Published in: Ecological Economics
Cited as: Lambert, L., T. Dedeurwaerdere, M. Nyssens, E. Severi and O. Brolis (2019). “Unpacking the organisational diversity within the collaborative economy: The contribution of an analytical framework from social enterprise theory.” Ecological Economics 164: 106343.
The field of the collaborative economy is characterized by a wide spectrum of sustainability oriented grassroots initiatives such as cooperatives, social businesses, associations and informal initiatives. However, many of these organisations are facing isomorphic pressures from the purely for profit organisational models and lack institutional support. For the further development of these grassroots initiatives, it is therefore important to better understand the organisational models that allow them to maintain a strong social mission in spite of these pressures. To this purpose, this paper develops a hierarchical cluster analysis of 50 collaborative economy initiatives operating in the Region of Brussels Capital. The analysis shows the existence of four main clusters of enterprises operating in the Brussels Region: foreign for-profit enterprises, start-ups, citizen initiatives and partnership social enterprises. Each of these clusters is characterized by a specific combination of analytical features such as the mission, the governance structure, the legal form and the type of economic resource mobilisation. On this basis, the paper explores the likely organisational trajectories of these clusters in the collaborative economy and the various institutional strategies that can strengthen the recognition and support for the sustainability oriented grassroots initiatives.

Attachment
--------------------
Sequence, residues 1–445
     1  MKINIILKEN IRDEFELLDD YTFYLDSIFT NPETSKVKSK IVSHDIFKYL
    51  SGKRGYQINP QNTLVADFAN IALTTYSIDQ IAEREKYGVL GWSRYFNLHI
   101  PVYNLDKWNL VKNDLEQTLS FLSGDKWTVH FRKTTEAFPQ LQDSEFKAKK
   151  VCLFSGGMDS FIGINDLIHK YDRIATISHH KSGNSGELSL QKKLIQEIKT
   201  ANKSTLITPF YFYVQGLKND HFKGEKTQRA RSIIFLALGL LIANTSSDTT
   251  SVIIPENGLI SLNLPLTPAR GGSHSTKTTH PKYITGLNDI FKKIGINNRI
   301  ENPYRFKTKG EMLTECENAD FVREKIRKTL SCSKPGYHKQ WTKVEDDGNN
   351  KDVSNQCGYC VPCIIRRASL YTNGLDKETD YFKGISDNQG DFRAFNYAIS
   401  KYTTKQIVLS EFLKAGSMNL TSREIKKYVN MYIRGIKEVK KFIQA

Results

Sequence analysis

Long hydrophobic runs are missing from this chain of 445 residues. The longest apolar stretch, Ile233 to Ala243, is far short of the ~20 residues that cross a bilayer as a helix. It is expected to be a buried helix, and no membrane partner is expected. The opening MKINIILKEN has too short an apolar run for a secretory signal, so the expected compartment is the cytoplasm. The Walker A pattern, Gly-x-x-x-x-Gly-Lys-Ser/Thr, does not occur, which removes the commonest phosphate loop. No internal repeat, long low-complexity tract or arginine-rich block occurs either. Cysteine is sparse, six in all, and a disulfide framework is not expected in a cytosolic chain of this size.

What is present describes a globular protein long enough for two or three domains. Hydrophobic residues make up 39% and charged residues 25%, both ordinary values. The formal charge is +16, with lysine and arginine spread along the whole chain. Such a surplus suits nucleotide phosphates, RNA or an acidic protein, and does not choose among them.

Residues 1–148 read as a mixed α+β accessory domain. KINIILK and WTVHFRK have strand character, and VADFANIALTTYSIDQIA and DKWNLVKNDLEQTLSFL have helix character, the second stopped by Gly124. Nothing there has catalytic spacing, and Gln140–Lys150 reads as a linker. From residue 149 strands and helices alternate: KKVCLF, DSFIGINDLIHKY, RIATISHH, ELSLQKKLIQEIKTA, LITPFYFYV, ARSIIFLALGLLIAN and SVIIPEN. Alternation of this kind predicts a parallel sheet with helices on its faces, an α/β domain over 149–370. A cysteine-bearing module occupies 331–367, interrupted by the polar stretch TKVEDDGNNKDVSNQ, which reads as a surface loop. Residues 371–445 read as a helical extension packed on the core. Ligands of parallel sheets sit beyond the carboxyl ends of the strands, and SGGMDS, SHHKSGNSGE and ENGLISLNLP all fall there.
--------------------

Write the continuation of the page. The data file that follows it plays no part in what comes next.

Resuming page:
Recommendations from this resource
More research is needed to:
1) identify the various conditions that allow these organisations to up-scale, without losing their identity as providing an alternative within the collaborative economy to
the mainstream for-profit oriented firm.
2) to understand the various ways to organise more democratic decision-making and to implement limits to profit distribution and asset locks, which are both key to their identity, with the view to optimizing both their long-term economic sustainability and their societal mission.
3) understand how the specific bio-physical constraints and behavioural contexts of each sub-sector also impact the choices and strategies within each of the organisational models.